Remaining on alert for trouble. Workers who perform their jobs in the sun and the supervisors who manage them need to remain vigilant, keeping an eye out for heat-related trouble. Team members should stay in touch with each other about how they are feeling and how the heat may be affecting them. Individual workers should avoid overexertion. Workers should also be honest about the dangers of the heat, encouraging each other to take precautions seriously.
Focusing on training. Probably the most important thing an employer can do to prevent heat-related illnesses from affecting their workers is to train them to understand the dangers of working in the heat and the ways the risks can be mitigated with proactive steps. Further, the training should include how to recognize the signs of heat-related illnesses and implement a plan of action to help any team member who becomes sickened by the heat.
How can a Co-worker or Supervisor Recognize Heat-Related Injury in a Colleague?
It is important for safety managers and supervisors to keep an eye out for any health problems that may be brought on by extreme heat, but it is also helpful for co-workers to look out for each other and for individual workers to stay in tune with their bodies and understanding when they are pushing themselves too far.
According to the Occupational Safety and Health Administration (OSHA), some of the most common signs that could indicate the start of heat-related trouble include the following:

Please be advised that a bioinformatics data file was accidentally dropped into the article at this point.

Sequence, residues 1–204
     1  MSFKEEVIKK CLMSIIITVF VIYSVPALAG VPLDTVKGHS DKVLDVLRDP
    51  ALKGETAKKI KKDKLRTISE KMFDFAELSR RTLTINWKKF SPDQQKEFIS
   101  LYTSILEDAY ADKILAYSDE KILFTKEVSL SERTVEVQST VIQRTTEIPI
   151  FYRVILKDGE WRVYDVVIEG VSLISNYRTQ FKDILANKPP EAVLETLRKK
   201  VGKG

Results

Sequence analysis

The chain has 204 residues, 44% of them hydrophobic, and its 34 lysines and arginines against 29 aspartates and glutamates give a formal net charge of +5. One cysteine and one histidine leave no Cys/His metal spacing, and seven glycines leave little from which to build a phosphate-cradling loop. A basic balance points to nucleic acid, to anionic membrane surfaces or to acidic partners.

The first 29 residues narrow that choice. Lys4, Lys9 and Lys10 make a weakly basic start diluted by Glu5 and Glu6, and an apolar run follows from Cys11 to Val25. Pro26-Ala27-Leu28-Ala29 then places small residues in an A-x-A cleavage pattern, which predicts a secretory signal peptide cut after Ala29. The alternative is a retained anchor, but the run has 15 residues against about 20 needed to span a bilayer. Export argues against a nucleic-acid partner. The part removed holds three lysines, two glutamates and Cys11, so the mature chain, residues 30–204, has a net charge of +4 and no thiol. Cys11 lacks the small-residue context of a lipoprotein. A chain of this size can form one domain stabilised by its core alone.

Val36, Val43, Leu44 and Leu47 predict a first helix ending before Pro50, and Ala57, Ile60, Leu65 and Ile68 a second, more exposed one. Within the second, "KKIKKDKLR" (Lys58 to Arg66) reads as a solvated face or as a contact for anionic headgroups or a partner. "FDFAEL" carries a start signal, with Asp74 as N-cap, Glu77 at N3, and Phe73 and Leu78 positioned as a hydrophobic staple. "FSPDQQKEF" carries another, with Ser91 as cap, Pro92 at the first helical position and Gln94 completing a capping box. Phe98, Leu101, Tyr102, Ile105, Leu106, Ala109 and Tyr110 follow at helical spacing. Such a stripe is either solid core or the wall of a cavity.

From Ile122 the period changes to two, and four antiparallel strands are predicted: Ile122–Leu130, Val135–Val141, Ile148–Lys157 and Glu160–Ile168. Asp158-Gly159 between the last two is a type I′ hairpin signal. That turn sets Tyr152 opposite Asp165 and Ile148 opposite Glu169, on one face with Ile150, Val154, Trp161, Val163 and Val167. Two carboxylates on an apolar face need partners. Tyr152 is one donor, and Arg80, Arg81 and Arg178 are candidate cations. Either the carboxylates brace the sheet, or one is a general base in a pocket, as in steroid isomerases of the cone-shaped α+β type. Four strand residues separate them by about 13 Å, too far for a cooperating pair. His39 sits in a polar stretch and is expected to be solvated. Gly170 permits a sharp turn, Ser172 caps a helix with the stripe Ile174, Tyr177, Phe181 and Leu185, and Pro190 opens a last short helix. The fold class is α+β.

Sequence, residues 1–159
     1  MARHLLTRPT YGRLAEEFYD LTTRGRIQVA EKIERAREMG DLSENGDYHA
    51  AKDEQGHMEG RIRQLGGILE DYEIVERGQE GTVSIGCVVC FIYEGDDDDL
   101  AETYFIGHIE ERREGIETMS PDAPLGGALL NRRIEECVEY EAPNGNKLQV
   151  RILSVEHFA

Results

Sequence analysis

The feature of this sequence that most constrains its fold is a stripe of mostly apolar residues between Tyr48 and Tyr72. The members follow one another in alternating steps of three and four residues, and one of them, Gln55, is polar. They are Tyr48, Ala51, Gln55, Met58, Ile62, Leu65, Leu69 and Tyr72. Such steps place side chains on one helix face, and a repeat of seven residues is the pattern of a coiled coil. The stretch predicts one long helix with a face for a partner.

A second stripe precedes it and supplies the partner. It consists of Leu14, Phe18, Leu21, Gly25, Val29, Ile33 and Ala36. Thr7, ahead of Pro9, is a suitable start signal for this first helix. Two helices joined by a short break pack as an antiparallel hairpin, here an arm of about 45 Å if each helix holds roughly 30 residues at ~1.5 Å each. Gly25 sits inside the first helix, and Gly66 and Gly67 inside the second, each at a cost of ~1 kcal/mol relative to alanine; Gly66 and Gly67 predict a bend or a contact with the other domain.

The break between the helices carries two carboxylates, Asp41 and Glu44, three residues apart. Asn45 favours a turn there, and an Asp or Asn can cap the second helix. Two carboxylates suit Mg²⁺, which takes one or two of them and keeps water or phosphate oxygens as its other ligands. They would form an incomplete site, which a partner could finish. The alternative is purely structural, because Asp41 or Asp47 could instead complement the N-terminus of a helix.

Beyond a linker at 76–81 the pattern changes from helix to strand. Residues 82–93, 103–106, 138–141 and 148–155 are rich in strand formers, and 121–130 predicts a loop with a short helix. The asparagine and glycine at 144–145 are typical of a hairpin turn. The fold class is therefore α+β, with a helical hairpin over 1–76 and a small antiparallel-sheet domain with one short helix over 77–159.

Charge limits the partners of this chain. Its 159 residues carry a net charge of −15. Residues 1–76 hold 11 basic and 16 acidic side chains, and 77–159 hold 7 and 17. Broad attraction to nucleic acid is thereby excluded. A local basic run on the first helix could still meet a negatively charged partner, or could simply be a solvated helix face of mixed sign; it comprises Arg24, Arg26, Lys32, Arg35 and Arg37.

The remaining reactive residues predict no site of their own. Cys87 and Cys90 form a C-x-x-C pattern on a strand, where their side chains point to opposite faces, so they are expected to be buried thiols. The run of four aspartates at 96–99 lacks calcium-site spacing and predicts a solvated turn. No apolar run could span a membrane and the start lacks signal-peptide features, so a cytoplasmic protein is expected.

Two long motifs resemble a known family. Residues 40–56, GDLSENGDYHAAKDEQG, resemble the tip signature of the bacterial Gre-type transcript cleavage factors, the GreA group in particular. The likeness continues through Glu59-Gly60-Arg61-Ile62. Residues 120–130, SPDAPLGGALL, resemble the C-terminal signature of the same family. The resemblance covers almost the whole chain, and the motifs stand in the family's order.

- Nausea or vomiting
- Heavy sweating
- Hot, dry skin
- Elevated body temperature
- Decreased urine output
Importantly, the signs of heat-related problems are often difficult to recognize in another person, but some of the following more serious symptoms are indications of a serious medical emergency:
- Abnormal thinking or behavior
- Slurred speech
- Loss of consciousness
What can be Done if a Co-worker Gets a Heat-Related Injury?
When signs of a serious heat-related medical emergency are discovered, the following steps should be taken immediately:
- Call 911.
- Provide water to drink.
- Remove excess clothing.
- Cool the affected person with cold water, ice, or a fan.
- Take them into a cool or shaded area.
- Stay with them until medical personnel arrives to help.
Many of these same steps may help in a less life-threatening case of feeling overheated, such as giving the affected person a cool drink, helping them get to a cooler place, and offering to stay with them until they are feeling better. If things escalate into something more serious, someone can call for the medical attention they need.
Mount Holly Workers’ Compensation Lawyers Kotlar, Hernandez & Cohen, LLC Represent Employees Who Have Suffered Heat-Related Injuries on the Job
If you were injured by extreme heat while at work, you may have a Workers’ Compensation claim against your employer for any costs associated with the injury. Your employer’s insurance should pay for any medical bills you incurred as a result of the injury, including emergency treatments, follow-up appointments, and care for any lingering issues. The Mount Holly Workers’ Compensation Lawyers at Kotlar, Hernandez & Cohen, LLC can inform you of your rights to compensation for your work-related injury. Call us at 856-751-7676 or contact us online for a free consultation. Our offices are in Mount Laurel, Cherry Hill, Trenton, and Vineland, New Jersey; and Trevose, Pennsylvania. We serve clients throughout New Jersey and Pennsylvania.